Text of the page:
The true incidence of brain metastasis from ESCC could be higher as this study was a retrospective analysis at one institution and some data could be missing if patients chose to attend another hospital for follow-up or obtain treatment for brain lesions. Additionally, there is an inherent bias towards symptomatic brain lesions as the entire cohort did not undergo routine neurological imaging follow-up. Overall, this study indicates the patients experiencing brain metastases with ESCC is extremely low and is easy to be ignored. But patients with brain metastases achieved unexpectedly encouraging overall survival after treatment such as surgery or SRS. Moreover, GPA score may represent a useful prognostic tool for evaluating patients and assisting treatment decision-making for patients with brain metastases from ESCC. Furtherly for some patients with high risk of metastasis, like the patients with high fibrinogen/albumin ratio [16], the routine brain screening after definitive treatment may be needed.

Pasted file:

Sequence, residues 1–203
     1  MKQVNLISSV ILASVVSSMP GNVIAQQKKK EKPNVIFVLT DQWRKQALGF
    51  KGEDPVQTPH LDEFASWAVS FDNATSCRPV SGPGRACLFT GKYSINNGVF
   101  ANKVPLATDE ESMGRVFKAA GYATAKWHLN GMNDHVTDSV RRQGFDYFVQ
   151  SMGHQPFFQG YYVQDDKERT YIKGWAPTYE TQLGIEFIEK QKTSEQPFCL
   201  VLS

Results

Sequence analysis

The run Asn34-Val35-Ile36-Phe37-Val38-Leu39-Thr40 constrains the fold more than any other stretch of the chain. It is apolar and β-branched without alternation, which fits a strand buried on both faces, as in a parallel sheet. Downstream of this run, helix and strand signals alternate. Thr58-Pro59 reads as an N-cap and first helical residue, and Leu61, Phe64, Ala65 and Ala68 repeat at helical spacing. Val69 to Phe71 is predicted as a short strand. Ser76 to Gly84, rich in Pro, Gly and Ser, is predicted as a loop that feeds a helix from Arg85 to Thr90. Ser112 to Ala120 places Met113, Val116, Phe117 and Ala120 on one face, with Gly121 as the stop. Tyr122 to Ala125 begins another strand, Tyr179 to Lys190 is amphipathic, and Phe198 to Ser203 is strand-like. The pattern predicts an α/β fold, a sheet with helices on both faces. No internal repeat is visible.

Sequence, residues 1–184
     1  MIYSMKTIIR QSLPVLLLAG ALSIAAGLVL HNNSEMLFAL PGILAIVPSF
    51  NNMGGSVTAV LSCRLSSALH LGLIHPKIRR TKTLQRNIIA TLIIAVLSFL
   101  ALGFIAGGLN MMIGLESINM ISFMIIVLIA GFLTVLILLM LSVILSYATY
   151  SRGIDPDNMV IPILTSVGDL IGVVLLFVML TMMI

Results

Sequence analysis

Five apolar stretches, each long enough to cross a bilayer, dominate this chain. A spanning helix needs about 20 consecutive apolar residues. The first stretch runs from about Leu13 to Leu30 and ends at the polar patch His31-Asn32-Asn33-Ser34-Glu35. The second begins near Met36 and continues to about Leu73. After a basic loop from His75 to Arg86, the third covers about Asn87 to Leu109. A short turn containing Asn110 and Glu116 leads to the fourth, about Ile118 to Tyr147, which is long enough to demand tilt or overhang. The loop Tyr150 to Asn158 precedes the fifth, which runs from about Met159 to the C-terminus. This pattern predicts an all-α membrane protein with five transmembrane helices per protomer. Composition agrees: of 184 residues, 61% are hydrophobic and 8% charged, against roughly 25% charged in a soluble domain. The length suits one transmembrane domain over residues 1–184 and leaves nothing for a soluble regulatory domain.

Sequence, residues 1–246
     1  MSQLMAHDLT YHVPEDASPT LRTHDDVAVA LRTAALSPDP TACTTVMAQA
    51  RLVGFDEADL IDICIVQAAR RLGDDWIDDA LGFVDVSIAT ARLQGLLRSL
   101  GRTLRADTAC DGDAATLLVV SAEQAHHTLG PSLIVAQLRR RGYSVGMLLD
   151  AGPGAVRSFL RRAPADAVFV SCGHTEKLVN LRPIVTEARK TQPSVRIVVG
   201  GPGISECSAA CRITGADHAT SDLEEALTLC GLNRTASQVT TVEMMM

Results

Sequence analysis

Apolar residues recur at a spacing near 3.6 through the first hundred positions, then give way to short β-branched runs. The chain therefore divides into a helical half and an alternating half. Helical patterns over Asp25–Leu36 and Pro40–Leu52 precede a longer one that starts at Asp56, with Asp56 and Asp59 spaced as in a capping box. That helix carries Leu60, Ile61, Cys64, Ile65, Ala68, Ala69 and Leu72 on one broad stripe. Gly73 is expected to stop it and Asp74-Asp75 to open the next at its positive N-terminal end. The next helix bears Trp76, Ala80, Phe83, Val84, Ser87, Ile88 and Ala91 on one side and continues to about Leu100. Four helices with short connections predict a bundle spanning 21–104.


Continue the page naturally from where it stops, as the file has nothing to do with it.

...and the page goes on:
Competing Interests

The authors have declared that no competing interest exists.

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Author contact

Corresponding address Corresponding author: Yonghong Hu, Department of Radiation Oncology, Sun Yat-sen University Cancer Center, No.651 Dongfeng Road East, Guangzhou, 510060, China. E-mail: huyhorg.cn; Tel: +862087342428; Fax number: +86208734349


Received 2017-6-17
Accepted 2018-1-29
Published 2018-2-25